Part space opera, part detective fiction; but to be honest, I kept waiting for it to be something more than what it is. It's fine. Nifty premise, fastPart space opera, part detective fiction; but to be honest, I kept waiting for it to be something more than what it is. It's fine. Nifty premise, fast-moving, and lots of action. The characters are paper-thin, of course, and Holden's naïveté gets a bit grating (but he's the hero, so everybody eventually follows him, despite his constant poor decision-making). Also, the romantic entanglements for both him and Miller are kind of embarrassing.
My biggest gripe? (And I could be terribly wrong about this) I can't shake the feeling that Corey completely misunderstands spaceflight. Maybe I'm misinterpreting, but I think he's confusing velocity with acceleration. If shipboard gravity is based off thrust, then it would only work when ships were accelerating or decelerating, yes? Once a steady velocity was attained, no more gravity. It makes me think that the asteroid-spin-based gravity system he's got is also probably nonsense. And it's not just that. It seems like travel times are vastly underestimated, along with the consequences of orbital mechanics. Getting to Earth or Venus from the asteroid belt isn't simply a matter of pointing at the Sun. I mean, it's silly to complain about fictional science (and again, maybe I'm wrong about this), but it is still science fiction, and I'd appreciate at least a nod toward plausibility. ...more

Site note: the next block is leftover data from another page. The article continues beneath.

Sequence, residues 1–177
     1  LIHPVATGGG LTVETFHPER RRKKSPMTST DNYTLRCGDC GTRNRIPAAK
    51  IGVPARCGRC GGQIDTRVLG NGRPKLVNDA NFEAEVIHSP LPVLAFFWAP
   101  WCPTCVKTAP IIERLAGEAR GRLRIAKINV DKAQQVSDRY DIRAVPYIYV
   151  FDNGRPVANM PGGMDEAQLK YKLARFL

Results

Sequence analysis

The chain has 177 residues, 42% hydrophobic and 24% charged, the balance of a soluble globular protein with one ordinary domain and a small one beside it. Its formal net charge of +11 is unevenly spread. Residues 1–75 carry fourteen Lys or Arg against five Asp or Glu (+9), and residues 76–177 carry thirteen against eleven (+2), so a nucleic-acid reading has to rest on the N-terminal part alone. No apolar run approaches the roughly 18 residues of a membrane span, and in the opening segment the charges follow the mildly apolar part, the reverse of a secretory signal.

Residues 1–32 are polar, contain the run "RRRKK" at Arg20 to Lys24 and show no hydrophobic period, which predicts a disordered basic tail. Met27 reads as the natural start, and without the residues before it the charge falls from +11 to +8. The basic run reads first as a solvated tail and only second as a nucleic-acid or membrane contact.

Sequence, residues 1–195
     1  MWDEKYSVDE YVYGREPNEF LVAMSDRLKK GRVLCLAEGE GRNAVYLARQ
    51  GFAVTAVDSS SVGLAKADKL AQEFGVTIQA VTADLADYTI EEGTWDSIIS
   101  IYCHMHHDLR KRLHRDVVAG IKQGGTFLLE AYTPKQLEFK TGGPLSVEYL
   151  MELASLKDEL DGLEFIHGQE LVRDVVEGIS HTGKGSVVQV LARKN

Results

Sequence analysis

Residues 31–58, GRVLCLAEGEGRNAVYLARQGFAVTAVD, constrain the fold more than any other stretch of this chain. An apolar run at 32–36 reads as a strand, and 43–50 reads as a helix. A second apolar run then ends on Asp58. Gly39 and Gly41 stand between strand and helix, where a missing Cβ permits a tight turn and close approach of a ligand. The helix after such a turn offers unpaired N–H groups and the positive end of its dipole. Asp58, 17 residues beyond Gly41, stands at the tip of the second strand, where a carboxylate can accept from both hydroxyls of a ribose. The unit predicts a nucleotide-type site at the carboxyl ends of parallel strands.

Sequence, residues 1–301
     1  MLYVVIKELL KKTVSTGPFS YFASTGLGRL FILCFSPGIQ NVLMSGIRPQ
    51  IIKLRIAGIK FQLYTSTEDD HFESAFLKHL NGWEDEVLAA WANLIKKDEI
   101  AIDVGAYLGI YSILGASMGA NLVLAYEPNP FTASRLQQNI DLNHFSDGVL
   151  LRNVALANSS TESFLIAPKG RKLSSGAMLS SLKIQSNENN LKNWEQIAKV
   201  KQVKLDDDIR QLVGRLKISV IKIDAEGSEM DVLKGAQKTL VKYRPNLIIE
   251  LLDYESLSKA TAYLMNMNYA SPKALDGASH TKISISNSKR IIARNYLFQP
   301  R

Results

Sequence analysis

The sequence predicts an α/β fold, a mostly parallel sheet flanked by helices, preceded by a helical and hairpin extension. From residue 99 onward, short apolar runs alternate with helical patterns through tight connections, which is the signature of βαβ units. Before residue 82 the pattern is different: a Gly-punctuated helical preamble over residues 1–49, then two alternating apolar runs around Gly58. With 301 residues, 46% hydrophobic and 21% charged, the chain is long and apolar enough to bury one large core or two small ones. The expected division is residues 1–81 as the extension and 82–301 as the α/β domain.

Great Twitter account. Terrible book. Some things are not meant to be longer than 140 characters.
It's a combination of things, really. For one thing,Great Twitter account. Terrible book. Some things are not meant to be longer than 140 characters.
It's a combination of things, really. For one thing, a lot of the book is nothing more than stretching out a concept. "Dr. Crusher goes on a date with a sentient virus" is funny, but actually going to the trouble of describing the date and making up a reason for it ruins the joke. The other problem is that the characters are all pretty one-dimensional. Sex-machine Riker, killing-machine Worf, and precocious adolescent trouble-maker best friends Geordi and Data get tiresome pretty quickly.